So, I just bought my first Lynyrd Skynyrd record! I say that because it feels weird to acquire one of their records after collecting for about 35 years. I’ve got things in my collection that some folks would absolutely hate, but I know few people that dislike Skynyrd. Why the wait? Well, for all of my high school years and most of the way through college I had a very warped perception that Skynyrd was not much more than a group of ignorant rednecks. I hadn’t taken the time to investigate what they were all about until several years later. By the time I was starting to appreciate their talents, I was also listening to a huge variety of other music. Skynyrd really just slipped through the cracks for me.
Why begin with the band’s third record, 1975’s Nuthin’ Fancy? Trust me; I did some research before making the purchase. I’ve always liked a rawer sound from Skynyrd and Nuthin’ Fancy is free of clutter, taking the sound right down to the essential elements. The record also contains my favorite Skynyrd song, the famous, anti-handgun ode, “Saturday Night Special.” It’s especially nice to hear that track on CD, rather than over the radio, because the taut guitar lines of trio Gary Rossington, Allen Collins and Ed King not only punch harder than I’d realized, but I’m also able to better marvel at the solid bass guitar work of Leon Wilkeson and the fabulously underrated drumming of Artimus Pyle. Pyle definitely brought something to Skynyrd’s sound that they likely didn’t even realize they were missing. His style is very professional and accurate, but his unconventional fills demonstrate artistry previously only credited to the guitarists and singer Ronnie Van Zant. He seems, certainly on “Saturday Night Special,” to be thinking of and committing to beats that lesser drummers might let pass on by.
There’s plenty more to comment on with Fancy. Another great King-Van Zant composition is “Railroad Song,” featuring some hobo harmonica from Jimmy Hall, a red-hot solo from Collins, and a lead guitar line from King that feels like something from the U.K. rather than from Jacksonville or Atlanta. Van Zant had a knack for making the down and out subjects of his songs seem as if they were leading lives that were either spectacularly exciting or approaching mythic importance. Riding the rails never sounded as cool until Van Zant celebrated the lifestyle.
“On The Hunt,” which kicked off Side 2 on the original vinyl LP release, is a song which defies easy description. I’ve heard it compared to heavy metal, but I’d have to take the “metal” part out to feel good with my summary. It’s more of a heavy blues with a mid-tempo pace and it gives the guitarists, especially soloist Gary Rossington, room to explore their talents. This is perhaps Van Zant’s best performance on the record. Delivering lines like, “I know who you are, babe/And I know what they call you, girl” with complete dominance of his vocal range, Van Zant tells the tale of his similarity to a woman of low repute. He compares their search for “companionship” in such a way that he isn’t considering her to be slutty. She’s on the hunt. Just like him.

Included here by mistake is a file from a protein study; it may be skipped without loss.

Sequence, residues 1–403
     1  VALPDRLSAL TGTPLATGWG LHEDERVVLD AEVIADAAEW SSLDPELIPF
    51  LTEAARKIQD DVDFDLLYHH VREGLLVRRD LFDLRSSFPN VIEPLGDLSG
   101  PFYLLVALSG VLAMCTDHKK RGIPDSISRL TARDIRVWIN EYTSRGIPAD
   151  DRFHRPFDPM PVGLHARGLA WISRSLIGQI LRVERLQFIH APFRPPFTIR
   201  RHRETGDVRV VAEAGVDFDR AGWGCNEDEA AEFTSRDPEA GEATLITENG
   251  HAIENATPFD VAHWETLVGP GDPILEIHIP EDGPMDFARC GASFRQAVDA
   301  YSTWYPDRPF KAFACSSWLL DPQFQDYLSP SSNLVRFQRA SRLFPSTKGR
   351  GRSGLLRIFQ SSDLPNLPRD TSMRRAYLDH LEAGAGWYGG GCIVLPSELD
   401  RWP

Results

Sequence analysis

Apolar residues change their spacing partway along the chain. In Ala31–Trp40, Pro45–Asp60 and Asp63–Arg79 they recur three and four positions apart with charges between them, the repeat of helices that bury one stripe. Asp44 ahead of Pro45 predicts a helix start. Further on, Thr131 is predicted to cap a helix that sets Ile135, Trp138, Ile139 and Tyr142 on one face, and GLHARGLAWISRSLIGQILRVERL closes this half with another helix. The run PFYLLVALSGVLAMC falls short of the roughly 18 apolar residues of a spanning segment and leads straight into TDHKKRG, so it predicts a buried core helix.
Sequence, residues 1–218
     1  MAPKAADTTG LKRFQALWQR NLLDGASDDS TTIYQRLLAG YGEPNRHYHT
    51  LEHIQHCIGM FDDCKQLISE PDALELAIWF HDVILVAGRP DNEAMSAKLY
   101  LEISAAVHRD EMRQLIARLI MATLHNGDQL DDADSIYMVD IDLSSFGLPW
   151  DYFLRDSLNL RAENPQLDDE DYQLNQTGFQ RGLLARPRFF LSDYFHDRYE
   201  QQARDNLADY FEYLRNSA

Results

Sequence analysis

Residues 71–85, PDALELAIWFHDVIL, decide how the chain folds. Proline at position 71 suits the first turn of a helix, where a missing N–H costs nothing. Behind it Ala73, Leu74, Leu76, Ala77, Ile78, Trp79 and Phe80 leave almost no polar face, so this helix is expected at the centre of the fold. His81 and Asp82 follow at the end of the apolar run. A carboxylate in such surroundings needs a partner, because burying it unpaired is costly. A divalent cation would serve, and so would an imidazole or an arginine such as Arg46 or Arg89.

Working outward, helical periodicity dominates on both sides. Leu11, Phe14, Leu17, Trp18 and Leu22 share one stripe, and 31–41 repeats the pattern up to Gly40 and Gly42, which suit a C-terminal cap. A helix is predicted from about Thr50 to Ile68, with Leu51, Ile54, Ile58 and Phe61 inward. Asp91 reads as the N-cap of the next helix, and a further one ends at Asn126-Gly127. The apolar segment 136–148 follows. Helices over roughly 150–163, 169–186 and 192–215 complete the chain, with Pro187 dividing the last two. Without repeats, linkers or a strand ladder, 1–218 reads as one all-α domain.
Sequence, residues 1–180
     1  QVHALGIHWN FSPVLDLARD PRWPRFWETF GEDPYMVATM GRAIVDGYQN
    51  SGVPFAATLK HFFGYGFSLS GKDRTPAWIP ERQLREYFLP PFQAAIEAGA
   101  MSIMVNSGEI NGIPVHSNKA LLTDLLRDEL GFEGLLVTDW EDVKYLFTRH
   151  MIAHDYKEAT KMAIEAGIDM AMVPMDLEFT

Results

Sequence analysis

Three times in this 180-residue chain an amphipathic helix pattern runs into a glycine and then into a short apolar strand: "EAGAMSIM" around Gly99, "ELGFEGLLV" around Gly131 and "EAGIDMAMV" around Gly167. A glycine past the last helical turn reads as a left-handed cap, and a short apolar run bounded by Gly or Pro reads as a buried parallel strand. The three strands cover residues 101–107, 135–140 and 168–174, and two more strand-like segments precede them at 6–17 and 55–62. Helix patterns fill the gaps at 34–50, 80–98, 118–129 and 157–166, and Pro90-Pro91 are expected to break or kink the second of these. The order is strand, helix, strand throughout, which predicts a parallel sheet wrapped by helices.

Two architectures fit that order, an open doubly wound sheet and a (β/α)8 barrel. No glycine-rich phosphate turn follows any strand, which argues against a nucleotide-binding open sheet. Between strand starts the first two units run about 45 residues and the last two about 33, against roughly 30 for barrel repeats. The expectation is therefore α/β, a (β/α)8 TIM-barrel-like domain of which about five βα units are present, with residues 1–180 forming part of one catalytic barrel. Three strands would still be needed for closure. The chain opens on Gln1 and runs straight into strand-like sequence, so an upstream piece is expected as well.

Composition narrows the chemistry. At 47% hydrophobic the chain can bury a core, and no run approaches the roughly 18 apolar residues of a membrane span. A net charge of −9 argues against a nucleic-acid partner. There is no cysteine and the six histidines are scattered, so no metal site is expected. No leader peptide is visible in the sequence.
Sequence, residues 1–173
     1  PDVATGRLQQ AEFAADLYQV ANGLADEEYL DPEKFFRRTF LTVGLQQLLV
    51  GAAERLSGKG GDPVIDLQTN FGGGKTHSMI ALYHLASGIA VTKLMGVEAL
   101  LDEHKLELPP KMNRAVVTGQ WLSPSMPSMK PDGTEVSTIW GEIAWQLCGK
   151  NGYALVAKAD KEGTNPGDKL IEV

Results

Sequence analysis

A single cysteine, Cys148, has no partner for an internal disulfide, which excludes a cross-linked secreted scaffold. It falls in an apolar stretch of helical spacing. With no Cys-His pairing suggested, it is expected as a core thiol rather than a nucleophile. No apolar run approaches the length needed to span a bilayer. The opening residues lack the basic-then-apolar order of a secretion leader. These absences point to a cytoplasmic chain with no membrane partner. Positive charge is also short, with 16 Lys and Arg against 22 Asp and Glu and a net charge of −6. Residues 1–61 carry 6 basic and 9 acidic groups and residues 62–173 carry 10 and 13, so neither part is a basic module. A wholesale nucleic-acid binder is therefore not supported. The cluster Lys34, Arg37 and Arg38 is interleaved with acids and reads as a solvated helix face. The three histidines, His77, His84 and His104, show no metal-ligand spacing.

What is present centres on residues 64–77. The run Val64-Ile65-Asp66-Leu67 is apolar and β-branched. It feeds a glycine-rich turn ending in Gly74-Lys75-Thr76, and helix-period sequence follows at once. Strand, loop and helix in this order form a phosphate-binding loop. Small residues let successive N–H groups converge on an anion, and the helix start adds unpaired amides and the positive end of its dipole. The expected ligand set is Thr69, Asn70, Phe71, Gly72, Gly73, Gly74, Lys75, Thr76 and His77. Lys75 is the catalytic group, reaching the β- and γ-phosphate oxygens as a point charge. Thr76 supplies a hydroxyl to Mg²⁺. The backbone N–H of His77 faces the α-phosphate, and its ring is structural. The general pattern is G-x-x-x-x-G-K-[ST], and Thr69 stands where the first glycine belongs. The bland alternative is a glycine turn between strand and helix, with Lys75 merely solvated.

“Am I Losin’” changes gears completely as King and Rossington go acoustic. This is just good ol’ classic country rock with equal parts of both. King’s solo is stunning and moving, especially as he steers the band through a funky little break heading back into the pre-chorus. At this point in his career, he could have gone up against The Allman Brothers’ Dickie Betts and called the duel a draw. The band’s loss of his skills following Fancy’s release would have been a tragedy had they not discovered the energy of Steve Gaines. It’s also worth noting that producer Al Kooper’s background vocals on this track are very strong, as they are on most of the album’s cuts.
The original LP closed out with another barroom rocker in one of the few songs in the band’s repertoire co-written by keyboard player Billy Powell (the badass flipping us the bird on the album’s back cover). Powell, King and Van Zant came up with something that blended the honky tonk piano with shuffling blues, powerful guitars, and lyrics suitable for tavern patrons both north and south of the Mason-Dixon line. “Whiskey Rock-A-Roller” could only be better with a crowd of fans belting it out along with the group, but a band with smarts like Skynyrd’s certainly had that in mind all along.
The 1999 CD reissue of the album is augmented by Ron O’Brien’s liner notes and live versions of “Railroad Song” and “On The Hunt” recorded at Bill Graham’s Winterland on April 27, 1975. Pyle is remarkable in a live setting, with an unusual effect on his busy hi-hat during “Railroad Song” that sounds just like a train skittering on down the line, and impressively confident fills running across his entire kit. The guitars on “On The Hunt” are just sloppy enough to let you know that the band is getting comfortable with the new material, but as demonstrably tight as a band that’s spent the majority of the previous two years out on the road. There’s something about live Skynyrd that leaves us feeling as if we’ve missed the full effect by not being present in the crowd on that night, however. The power of their delivery on these recordings is merely a tease.
I’ve chosen wisely by starting my Skynyrd search with Nuthin’ Fancy. In fact, it fits right in with the rest of my collection as if it hadn’t been missing all these years. The band was in such a whirlwind of touring and recording at this time that they were just damned glad to get another one checked off of their record label contract’s requirement. The name, Nuthin’ Fancy is almost like a sigh of relief for the band. They weren’t yet able to offer the perspective necessary to consider the record as containing very impressive material which held up to that found on their first two records. It may not be fancy, but it sounds mighty fine to these ears.